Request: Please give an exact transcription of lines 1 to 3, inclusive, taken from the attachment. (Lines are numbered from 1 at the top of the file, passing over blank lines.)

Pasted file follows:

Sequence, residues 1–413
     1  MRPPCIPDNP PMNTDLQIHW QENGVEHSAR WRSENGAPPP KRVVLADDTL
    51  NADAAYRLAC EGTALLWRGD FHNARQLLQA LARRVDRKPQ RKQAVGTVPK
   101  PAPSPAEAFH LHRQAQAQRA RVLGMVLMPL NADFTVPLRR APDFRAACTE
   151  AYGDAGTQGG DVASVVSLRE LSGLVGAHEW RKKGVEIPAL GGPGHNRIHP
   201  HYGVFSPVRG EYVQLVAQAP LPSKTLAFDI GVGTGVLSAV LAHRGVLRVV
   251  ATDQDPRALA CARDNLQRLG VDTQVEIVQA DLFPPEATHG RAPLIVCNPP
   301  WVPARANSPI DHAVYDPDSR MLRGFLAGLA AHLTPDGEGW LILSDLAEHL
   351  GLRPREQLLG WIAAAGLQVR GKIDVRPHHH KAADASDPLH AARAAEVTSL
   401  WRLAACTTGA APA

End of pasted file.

Sequence, residues 1–413
     1  MRPPCIPDNP PMNTDLQIHW QENGVEHSAR WRSENGAPPP KRVVLADDTL
    51  NADAAYRLAC EGTALLWRGD FHNARQLLQA LARRVDRKPQ RKQAVGTVPK